Various evaluation methods can be used to study, assess, and possible mitigate the impact of drug abuse on children and families. The two basic types of evaluation research are formative and summative evaluation. Formative evaluation involves assessing the program activities to monitor if they are meeting the goals and objectives of the selected program. The main purpose of this type of evaluation is to recognize deficiencies in the program and fix them for the program to run successfully. Formative evaluation can be regarded as a building process that consistently incorporates new materials, and skills with the aim of creating a whole program.
Formative evaluation can be used to determine the impact that drug abuse has on children and their families. First, this type of evaluation will define the problem and its scope. Secondly, it will provide answers to where the problem is. Thirdly, formative evaluation will suggest a possible program or technology that can be used to address the problem of drug abuse and lastly it will assess how effectively the program was delivered.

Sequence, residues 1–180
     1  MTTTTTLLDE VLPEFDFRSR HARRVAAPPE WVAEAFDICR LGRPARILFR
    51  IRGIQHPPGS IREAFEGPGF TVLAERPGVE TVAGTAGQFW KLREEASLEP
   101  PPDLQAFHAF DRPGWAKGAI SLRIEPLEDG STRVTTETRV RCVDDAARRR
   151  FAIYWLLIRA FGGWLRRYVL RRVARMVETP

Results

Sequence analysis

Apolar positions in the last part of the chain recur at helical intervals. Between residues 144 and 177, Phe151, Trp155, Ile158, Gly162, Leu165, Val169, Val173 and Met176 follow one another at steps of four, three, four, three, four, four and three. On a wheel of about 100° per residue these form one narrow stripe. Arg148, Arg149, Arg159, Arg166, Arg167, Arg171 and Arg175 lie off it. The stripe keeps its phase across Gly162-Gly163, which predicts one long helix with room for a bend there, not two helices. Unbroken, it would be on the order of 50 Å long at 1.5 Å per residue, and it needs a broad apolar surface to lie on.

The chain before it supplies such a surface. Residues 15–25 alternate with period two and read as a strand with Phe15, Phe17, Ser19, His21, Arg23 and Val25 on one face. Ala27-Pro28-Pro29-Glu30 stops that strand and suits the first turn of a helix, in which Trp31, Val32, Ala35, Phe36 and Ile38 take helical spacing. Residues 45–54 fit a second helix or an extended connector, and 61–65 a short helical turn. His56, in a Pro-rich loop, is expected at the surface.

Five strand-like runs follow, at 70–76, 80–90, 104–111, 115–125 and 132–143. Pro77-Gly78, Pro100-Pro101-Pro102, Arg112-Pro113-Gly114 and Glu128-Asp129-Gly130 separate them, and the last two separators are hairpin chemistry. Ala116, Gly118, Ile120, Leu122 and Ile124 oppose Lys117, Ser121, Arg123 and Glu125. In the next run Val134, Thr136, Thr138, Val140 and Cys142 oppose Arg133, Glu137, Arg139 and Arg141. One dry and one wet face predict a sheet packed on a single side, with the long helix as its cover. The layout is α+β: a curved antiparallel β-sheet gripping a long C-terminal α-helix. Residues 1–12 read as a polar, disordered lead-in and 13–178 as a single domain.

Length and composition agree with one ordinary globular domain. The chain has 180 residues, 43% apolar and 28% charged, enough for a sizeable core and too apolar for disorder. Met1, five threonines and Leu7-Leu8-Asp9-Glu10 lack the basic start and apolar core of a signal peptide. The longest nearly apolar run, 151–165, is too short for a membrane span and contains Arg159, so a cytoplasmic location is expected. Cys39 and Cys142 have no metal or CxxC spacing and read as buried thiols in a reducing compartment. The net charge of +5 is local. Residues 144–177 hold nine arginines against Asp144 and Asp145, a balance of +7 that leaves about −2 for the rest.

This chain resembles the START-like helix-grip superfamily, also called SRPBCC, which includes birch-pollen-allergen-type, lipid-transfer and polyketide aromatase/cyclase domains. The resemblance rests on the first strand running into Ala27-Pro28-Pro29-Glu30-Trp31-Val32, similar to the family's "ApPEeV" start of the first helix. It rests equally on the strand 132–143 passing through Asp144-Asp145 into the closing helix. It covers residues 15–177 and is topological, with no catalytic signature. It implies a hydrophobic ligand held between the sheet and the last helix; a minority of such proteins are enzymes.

On the other hand, summative evaluation is the process of determining the success of a program at the end of the program activities, the main focus being on the outcome of the program. Observations, questionnaires, interviews, testing, and surveying are the most common methods used in summative evaluation.
For our case, summative evaluation can be used to determine whether the evaluation strategies are feasible, the effectiveness of the program that will be used to assess and curb the impact of drug abuse on children as well as the net impact of the program on the affected children. The net impact can be measured using econometric methods that will determine the cost effectiveness of the program selected. Qualitative methods can also be used to provide a summary of the intended and unintended impacts of the selected program.